After several months with my Twin Tubes, I shed the anxiety from trying to manage foreign objects. But bumps in the road continue to keep me on my toes. The Oley Foundation has helped shatter the unknown. I found Oley during Internet research. To date, only one of my health professionals has known about it. Each of us should make it our mission to provide Oley materials to providers and encourage them to share.
After a year of frustration with my first GI doctor, I found one who is compassionate and skilled. Yet even he is still learning about feeding tubes. A recommendation he made reinforced my stance that I never do something just because a professional suggests it. About a year ago, after yet another tube change, I was having intestinal discomfort, bloating, and diarrhea. I could hold no more than two cans of formula a day. While trying to identify the source of the problem, I switched to this new doctor.
He suggested that a J-tube might alleviate my problem and prevent future issues. I refused and explained that I thought my tube was dislocated. Up to this point, mine had been the voice in the wilderness. But sure enough, that is what the radiologist saw, and the radiologist fixed it in a flash. My new GI doctor said how much he learned from me. Before finding him, I had experienced twenty days of no more than 600 calories a day and had three bags of IV fluids—all because the tube needed a minor adjustment. We must educate ourselves, keep informing our medical professionals, and never silence our strong voice as decision makers on our own behalf.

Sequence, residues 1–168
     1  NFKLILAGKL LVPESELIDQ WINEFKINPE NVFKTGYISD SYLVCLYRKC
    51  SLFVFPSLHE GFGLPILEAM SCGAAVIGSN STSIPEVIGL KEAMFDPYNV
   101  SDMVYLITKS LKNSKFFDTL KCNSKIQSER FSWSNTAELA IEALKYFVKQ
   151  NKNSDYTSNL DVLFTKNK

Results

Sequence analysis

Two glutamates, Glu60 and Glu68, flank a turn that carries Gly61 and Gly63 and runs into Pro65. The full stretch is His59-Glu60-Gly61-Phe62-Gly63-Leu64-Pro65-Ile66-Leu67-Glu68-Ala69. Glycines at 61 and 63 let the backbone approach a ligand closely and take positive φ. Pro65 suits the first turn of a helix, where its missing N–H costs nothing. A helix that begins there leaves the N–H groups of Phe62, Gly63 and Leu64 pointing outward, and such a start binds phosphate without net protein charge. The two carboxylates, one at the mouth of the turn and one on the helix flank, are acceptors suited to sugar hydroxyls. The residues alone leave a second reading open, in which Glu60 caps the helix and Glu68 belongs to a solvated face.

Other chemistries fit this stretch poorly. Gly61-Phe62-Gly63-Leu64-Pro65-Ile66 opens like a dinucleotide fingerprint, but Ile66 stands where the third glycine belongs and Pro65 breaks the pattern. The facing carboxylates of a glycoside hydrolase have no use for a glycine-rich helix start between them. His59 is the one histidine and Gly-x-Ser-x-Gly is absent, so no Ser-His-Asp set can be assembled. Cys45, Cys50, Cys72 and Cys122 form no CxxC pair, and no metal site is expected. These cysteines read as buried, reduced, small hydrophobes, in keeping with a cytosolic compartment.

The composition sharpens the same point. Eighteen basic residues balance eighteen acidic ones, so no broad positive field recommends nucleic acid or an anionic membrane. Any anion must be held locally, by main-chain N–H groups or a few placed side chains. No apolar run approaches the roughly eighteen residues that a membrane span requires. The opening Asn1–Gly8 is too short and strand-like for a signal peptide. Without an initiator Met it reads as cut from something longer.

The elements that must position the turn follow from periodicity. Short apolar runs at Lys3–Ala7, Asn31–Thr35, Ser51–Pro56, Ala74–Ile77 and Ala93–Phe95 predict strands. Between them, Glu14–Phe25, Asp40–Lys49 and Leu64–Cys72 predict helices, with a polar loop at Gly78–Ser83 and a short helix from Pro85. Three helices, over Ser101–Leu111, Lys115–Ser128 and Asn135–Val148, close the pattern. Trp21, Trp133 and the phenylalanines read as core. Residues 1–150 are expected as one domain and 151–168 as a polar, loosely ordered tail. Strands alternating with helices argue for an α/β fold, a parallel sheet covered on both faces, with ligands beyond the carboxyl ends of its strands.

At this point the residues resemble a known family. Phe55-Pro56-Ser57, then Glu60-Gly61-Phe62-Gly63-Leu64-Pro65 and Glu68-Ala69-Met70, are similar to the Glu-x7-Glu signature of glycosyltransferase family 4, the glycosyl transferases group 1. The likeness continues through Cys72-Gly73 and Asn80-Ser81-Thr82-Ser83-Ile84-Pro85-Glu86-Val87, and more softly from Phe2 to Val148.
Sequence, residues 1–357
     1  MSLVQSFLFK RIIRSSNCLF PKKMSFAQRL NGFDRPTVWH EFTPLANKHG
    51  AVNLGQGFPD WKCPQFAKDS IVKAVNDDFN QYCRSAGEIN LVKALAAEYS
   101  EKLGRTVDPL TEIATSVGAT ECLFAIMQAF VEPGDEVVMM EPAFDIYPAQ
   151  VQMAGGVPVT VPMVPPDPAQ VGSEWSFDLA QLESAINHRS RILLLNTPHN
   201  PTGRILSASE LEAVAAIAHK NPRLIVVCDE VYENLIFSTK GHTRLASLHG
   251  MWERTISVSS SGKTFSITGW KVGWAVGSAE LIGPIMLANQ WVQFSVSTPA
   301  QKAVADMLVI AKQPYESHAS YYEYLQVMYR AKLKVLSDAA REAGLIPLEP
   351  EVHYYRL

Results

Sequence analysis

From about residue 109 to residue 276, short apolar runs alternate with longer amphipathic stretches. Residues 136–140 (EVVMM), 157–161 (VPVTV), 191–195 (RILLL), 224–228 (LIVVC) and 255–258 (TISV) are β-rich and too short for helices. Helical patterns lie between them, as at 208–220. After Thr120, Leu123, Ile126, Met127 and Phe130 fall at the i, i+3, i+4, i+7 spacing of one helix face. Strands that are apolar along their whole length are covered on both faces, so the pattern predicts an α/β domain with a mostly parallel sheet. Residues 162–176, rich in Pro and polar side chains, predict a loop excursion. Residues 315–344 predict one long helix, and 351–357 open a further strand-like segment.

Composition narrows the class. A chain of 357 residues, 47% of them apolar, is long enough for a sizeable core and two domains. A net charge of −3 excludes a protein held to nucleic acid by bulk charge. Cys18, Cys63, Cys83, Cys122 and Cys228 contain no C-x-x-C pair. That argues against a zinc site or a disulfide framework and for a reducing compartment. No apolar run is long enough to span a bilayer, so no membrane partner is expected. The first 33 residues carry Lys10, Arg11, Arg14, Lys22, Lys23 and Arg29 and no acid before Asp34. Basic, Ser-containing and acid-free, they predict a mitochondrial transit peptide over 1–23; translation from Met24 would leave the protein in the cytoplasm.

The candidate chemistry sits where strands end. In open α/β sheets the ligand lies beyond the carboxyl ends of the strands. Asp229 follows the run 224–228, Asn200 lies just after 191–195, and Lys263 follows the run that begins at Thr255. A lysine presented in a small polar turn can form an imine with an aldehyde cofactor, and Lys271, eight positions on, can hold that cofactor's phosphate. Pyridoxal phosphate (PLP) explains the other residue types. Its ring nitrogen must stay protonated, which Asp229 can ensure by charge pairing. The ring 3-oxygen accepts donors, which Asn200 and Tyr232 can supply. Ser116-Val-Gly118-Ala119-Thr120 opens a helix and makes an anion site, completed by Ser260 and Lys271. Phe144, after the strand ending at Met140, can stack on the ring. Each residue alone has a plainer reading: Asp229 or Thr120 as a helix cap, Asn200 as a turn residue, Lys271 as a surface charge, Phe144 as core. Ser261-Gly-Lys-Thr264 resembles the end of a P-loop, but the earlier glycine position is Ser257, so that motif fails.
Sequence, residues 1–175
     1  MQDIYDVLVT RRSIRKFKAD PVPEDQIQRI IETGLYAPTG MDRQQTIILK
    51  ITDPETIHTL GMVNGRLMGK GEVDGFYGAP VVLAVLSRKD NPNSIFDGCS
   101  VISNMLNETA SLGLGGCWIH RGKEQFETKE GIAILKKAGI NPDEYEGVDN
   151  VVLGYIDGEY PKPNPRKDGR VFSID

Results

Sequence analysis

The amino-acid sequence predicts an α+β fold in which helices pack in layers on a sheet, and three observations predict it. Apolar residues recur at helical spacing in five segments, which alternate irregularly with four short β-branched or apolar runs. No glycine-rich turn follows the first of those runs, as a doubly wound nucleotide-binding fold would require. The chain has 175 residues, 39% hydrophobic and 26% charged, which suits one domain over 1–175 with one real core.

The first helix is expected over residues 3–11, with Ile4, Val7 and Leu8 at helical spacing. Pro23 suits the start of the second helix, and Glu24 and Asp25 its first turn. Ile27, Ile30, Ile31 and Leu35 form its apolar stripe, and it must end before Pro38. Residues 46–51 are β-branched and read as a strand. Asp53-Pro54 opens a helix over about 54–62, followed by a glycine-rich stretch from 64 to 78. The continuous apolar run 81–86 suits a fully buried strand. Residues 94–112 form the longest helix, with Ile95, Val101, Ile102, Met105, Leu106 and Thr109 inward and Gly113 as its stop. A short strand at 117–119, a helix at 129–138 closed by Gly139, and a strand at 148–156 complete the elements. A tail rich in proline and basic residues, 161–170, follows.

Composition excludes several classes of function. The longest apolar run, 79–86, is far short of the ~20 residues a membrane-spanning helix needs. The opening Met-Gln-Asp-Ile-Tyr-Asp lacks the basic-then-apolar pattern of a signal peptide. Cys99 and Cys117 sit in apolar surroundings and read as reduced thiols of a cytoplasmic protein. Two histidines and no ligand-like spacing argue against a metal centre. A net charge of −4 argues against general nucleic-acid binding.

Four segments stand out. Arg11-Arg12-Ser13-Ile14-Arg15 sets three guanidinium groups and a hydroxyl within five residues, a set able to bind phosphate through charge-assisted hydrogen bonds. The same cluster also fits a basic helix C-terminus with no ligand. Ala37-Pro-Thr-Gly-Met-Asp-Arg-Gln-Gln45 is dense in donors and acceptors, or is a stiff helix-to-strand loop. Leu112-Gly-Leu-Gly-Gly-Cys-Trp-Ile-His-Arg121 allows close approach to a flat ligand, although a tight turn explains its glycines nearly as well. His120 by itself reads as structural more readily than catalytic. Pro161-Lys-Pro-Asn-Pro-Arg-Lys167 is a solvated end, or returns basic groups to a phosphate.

May 14, 2008, was the two-year anniversary of my new life with Twin Tubes. Challenges are constant, but my quality of life is better. With adequate nutrition and oxygen, I’m stronger. I’ll always remain in my wheelchair, and that’s okay. Life in a wheelchair with a feeding tube and trach is my New Normal. My message to myself when I started using a wheelchair was, “Survivors never quit. We just change our ways!” (© MBL) I claim that daily.